5-ProteinFall2016 - Chapter 6 Protein Protein in our diet...

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Chapter 6: Protein
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Protein in our diet Fig 6.1
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Protein in our diet Fig 6.1
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Proteins Basic unit = amino acid 20 amino acids Major atoms: C H O N, sometimes sulfur Polypeptide Many amino acids bonded together to form a chain Dipeptide, Tripeptide
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Chemical Structure Fig 6.2
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Some amino acids are essential 9 amino acids are essential Amino acids that the body cannot make in sufficient quantity 6 amino acids are “semiessential” In certain situations, the body cannot make this amino acid in sufficient quantity Amino acid names usually end in -ine
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Fig 6.2
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Fig 6.2
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Protein Digestion Heat/acid/alkali/enzymes Results in alteration of the protein’s 3D structure Denaturation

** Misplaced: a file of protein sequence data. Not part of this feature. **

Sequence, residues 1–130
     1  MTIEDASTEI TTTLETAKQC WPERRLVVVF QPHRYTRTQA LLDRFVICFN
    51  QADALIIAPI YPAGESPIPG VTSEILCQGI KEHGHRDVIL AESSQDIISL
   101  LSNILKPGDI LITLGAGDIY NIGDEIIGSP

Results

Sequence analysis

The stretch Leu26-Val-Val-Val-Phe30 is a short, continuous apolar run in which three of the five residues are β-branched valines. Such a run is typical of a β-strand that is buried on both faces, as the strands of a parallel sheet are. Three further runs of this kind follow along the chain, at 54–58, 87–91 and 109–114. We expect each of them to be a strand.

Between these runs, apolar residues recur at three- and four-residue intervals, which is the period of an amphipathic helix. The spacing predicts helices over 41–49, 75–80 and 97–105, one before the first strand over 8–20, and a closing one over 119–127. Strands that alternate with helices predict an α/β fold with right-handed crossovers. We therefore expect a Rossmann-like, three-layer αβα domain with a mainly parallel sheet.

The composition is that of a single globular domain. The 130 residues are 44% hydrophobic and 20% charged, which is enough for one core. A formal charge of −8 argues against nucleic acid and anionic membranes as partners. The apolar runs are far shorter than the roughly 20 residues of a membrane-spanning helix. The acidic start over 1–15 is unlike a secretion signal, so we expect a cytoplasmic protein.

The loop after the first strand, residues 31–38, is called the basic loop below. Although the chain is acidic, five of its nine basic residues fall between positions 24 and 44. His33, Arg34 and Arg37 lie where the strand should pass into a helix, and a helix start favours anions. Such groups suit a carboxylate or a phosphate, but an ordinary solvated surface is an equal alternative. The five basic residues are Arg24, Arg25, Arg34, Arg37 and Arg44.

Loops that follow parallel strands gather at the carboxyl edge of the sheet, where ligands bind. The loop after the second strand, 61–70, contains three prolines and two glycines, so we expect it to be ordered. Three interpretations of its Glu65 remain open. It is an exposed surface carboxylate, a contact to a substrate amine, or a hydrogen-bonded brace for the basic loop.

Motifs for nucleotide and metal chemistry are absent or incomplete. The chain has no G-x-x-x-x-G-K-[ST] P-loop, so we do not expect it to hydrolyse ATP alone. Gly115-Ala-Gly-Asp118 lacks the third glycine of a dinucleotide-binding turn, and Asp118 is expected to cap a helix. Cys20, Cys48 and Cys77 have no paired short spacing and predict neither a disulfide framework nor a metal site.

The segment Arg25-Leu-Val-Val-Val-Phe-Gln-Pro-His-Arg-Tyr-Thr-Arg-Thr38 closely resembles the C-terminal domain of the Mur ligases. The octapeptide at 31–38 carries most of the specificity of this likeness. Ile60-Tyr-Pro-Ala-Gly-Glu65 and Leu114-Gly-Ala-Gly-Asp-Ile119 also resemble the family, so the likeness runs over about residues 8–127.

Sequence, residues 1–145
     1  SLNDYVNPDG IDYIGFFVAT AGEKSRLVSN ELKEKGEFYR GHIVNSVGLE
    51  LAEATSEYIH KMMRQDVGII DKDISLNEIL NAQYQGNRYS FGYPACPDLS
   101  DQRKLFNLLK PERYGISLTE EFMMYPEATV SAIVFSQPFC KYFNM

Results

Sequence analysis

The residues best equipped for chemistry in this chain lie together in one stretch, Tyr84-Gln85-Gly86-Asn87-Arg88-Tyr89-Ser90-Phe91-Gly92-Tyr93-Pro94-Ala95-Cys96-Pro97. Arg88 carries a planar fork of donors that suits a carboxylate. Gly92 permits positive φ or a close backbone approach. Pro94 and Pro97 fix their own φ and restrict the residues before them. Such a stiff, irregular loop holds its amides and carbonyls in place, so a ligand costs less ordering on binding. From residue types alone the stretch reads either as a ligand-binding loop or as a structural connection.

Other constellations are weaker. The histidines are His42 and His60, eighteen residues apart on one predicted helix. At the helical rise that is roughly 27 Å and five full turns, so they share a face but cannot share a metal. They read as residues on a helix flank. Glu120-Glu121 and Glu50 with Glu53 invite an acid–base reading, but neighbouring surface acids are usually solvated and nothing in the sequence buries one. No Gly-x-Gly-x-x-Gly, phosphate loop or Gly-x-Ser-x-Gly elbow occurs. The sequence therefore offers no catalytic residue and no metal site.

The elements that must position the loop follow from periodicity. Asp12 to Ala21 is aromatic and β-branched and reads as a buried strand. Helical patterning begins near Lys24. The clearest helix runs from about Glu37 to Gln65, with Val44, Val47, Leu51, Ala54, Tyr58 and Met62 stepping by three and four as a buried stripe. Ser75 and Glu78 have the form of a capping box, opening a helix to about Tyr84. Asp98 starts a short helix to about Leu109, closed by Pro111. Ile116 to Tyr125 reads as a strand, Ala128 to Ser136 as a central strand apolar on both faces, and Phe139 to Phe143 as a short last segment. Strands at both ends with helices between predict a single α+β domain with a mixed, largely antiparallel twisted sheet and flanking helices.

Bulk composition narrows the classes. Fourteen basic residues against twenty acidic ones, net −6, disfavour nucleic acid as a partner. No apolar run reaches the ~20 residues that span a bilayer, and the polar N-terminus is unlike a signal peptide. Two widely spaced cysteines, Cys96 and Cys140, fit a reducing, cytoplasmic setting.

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What happens next? Enzymes cut the polypeptide into pieces and eventually single amino acids
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Digestive enzymes for protein “Protease” is the general term “-ase” often indicates an enzyme Many have a “safety switch” Need activation Prevents self-digestion Most cut proteins at certain amino acids EX: Trypsin cleaves next to arginine and lysine
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Protein Digestion Gastric Acid (HCl) in stomach denatures protein Proteases in stomach, small intestine End product are di/tripeptides, Fig 6.4
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Protein absorption In small intestine Amino acids and small peptides are absorbed    amino acids Amino acids go to liver next via cardiovascular system
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Fig 6.4 pg 158
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Fate of dietary protein Fig 6.5
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Proteins in the body Amino acids come from diet and body turnover Blood transports amino acids Amino acid pool (controlled by liver) All proteins are made from scratch DNA has the code to manufacture proteins AA come from diet or are made by the body Structure of protein determines function
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Fig 6.6 Both Dietary and Body Protein Add to Amino Acid Pool
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DNA has codes for protein synthesis (“protein recipes”) Fig 6.6
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Fig 6.6 Transcription and Translation to Make a Protein
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